The agency theory argues that the executives’ interests are not always aligned to the shareholders’ interests (Bebchuk and Fried 2003). The executives may take steps that maximize their benefits to the disadvantage of shareholders. Further, the theory postulates that a weak governance structure allows executives to inflate their pay. The executives, being the agents, work in the best of their interests by usurping powers (Bebchuk and Fried 2003). They influence the board to set higher salaries and bonus for the directors and the CEO. Brick et al. (2006) found that the balance of power between the directors, chairman, board and the CEO is critical in executive compensation. According to Core et al. (1999), businesses whose governance structures are weak are more likely to face the agency problems. The executives of businesses with agency problems have higher compensation. He further argued that the executives who control boards maximize their pay. According to Hayes and Schaefer (2000), the contracts that the board and CEO negotiate are likely to maximize the benefit of executives rather than those of the shareholders. According to Benito and Conyon (1999), top executives in management-controlled firms have a higher influence in decision-making control and decision management. In such organizations, shareholders have little influence at all stages of decision-making.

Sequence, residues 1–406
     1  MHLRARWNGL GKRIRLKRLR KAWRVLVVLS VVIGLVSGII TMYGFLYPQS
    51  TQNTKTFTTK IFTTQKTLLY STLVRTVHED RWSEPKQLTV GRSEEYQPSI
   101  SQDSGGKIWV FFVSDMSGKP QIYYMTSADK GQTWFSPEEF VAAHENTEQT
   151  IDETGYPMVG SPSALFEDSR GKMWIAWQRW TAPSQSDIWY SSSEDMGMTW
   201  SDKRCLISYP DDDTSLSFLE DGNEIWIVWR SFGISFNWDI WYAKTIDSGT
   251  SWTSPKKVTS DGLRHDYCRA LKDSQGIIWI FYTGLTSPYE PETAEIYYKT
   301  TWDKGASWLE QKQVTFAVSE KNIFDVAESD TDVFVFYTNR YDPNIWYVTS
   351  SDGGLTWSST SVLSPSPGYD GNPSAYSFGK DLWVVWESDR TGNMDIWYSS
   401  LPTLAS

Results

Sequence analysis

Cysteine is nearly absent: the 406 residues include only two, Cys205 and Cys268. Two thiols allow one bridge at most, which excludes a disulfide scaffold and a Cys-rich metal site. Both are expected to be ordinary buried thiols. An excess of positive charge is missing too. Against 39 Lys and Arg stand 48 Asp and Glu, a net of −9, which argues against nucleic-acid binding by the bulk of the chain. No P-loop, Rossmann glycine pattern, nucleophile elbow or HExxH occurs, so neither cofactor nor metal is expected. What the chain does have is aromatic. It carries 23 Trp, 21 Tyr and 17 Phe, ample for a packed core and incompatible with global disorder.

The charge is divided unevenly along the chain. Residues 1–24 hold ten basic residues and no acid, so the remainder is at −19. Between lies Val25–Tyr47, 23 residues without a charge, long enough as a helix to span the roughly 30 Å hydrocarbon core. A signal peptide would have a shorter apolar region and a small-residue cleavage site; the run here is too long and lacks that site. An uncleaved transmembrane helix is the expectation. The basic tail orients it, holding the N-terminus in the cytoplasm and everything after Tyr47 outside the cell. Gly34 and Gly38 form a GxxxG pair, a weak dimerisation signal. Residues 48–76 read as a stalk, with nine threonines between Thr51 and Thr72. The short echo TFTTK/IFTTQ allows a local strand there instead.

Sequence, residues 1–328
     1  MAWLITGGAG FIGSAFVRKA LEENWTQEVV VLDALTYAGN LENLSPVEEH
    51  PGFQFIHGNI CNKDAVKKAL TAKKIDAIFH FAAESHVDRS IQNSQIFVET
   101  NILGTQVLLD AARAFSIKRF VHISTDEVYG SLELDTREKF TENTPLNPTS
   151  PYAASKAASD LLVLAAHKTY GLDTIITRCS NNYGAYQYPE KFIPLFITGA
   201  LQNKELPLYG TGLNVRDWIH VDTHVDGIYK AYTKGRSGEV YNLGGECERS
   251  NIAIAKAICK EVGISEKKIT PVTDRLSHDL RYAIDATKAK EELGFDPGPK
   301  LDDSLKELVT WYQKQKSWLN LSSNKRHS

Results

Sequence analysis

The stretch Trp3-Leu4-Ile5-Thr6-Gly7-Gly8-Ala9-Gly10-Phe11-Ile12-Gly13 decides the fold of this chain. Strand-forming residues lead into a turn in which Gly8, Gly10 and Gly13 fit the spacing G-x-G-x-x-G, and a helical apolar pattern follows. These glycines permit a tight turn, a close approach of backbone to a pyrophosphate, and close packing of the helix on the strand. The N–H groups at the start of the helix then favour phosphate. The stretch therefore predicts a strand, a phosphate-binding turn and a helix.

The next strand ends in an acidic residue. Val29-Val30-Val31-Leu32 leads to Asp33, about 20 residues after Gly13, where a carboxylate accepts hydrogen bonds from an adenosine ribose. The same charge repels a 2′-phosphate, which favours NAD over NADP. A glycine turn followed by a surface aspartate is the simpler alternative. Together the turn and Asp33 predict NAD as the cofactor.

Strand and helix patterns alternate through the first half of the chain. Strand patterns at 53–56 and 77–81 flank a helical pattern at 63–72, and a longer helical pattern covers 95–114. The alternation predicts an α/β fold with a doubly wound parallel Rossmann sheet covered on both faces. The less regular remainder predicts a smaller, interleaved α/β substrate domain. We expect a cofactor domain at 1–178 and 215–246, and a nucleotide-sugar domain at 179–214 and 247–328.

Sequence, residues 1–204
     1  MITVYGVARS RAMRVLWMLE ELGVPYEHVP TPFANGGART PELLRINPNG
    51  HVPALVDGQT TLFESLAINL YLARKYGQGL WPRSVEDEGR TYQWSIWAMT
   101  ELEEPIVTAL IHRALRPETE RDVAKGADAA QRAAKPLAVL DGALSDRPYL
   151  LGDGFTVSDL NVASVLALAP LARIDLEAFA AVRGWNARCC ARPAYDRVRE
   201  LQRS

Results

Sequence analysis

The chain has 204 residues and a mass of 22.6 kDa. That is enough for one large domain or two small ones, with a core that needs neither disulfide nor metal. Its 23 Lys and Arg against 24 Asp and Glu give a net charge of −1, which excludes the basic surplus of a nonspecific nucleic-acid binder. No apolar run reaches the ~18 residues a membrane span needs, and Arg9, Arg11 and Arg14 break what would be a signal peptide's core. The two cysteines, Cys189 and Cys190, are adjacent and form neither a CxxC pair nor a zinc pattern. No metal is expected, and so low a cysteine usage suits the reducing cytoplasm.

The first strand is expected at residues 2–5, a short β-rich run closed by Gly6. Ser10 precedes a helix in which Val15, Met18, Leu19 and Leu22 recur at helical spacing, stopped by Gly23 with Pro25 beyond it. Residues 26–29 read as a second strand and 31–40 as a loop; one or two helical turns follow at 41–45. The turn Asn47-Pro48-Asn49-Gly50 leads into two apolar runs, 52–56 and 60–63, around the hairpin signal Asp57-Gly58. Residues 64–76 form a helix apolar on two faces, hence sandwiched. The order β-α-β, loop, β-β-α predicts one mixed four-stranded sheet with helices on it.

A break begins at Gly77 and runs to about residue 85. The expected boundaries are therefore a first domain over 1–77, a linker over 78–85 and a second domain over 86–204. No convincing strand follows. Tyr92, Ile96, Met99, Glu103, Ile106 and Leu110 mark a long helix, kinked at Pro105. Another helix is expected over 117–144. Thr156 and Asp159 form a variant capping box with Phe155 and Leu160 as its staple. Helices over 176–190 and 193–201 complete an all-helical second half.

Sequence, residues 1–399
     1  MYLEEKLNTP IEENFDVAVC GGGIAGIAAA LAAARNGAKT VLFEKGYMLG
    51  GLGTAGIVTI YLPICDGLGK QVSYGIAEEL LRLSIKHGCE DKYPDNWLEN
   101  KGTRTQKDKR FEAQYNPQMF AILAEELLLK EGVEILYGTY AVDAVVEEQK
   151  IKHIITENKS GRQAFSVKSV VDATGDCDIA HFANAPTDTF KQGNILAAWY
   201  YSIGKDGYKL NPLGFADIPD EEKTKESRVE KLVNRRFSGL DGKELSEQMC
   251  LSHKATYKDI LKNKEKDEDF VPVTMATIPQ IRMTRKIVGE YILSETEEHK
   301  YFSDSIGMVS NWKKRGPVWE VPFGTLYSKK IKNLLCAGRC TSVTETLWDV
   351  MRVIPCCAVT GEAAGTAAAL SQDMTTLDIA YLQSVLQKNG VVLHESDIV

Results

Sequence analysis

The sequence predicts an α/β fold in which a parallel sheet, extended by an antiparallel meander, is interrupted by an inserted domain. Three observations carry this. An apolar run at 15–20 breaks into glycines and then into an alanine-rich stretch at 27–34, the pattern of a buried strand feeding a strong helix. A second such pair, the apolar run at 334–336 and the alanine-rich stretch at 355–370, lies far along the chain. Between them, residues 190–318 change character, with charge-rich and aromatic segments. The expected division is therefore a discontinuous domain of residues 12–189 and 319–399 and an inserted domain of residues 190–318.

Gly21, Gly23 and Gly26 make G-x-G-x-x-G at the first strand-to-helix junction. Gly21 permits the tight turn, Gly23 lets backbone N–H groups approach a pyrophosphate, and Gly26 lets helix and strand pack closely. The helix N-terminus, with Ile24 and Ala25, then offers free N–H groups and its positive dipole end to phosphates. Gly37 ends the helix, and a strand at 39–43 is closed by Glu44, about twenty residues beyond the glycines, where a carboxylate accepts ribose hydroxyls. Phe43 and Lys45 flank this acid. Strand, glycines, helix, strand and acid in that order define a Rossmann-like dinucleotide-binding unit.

Executive Cash Compensation and Business Size
The proposed research in current section will review the sub-variables of business size and their relationship with the executive cash compensation. According to Bebchuk and Grinstein (2005), the executives’ cash payments are strongly correlated with the business size as executives in larger businesses generate higher income than the executives in the smaller one. A study conducted by Schaefer (1998) measured a pound change in the CEO’s wealth with respect to pound change in the business value and called the resultant value pay sensitivity. The value decreased with the square root of business size. Such results imply that the CEO pay is 10 times higher for a business worth 10 billion pounds than a business worth 100 million pounds. Such studies indicate that the larger the business is, the higher the payment to the executives.